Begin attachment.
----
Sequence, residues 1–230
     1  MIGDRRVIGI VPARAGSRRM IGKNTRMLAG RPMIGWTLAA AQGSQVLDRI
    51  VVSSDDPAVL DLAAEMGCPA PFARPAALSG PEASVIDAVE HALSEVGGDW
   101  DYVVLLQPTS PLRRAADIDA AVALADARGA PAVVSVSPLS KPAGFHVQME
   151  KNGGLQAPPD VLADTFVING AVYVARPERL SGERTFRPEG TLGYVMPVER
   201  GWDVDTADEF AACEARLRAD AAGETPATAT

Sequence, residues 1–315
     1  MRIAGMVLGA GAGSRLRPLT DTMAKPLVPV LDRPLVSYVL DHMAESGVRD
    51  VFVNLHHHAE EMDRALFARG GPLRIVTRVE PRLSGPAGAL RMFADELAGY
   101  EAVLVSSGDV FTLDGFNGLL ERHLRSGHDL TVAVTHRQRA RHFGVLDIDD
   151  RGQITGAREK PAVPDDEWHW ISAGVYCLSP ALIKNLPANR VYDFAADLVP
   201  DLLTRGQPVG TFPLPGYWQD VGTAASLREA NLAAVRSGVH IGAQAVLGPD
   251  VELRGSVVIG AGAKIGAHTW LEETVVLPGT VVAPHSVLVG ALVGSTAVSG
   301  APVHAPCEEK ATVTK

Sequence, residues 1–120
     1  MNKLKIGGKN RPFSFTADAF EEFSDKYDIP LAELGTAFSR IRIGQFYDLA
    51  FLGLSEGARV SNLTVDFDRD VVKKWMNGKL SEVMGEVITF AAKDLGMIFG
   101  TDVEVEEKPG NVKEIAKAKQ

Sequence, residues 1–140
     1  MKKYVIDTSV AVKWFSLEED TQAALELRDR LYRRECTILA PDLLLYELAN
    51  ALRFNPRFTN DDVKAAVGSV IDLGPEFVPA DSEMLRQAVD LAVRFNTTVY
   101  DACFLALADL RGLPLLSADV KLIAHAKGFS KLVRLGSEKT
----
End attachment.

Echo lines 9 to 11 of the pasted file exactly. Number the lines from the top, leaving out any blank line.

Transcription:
    51  VFVNLHHHAE EMDRALFARG GPLRIVTRVE PRLSGPAGAL RMFADELAGY
   101  EAVLVSSGDV FTLDGFNGLL ERHLRSGHDL TVAVTHRQRA RHFGVLDIDD
   151  RGQITGAREK PAVPDDEWHW ISAGVYCLSP ALIKNLPANR VYDFAADLVP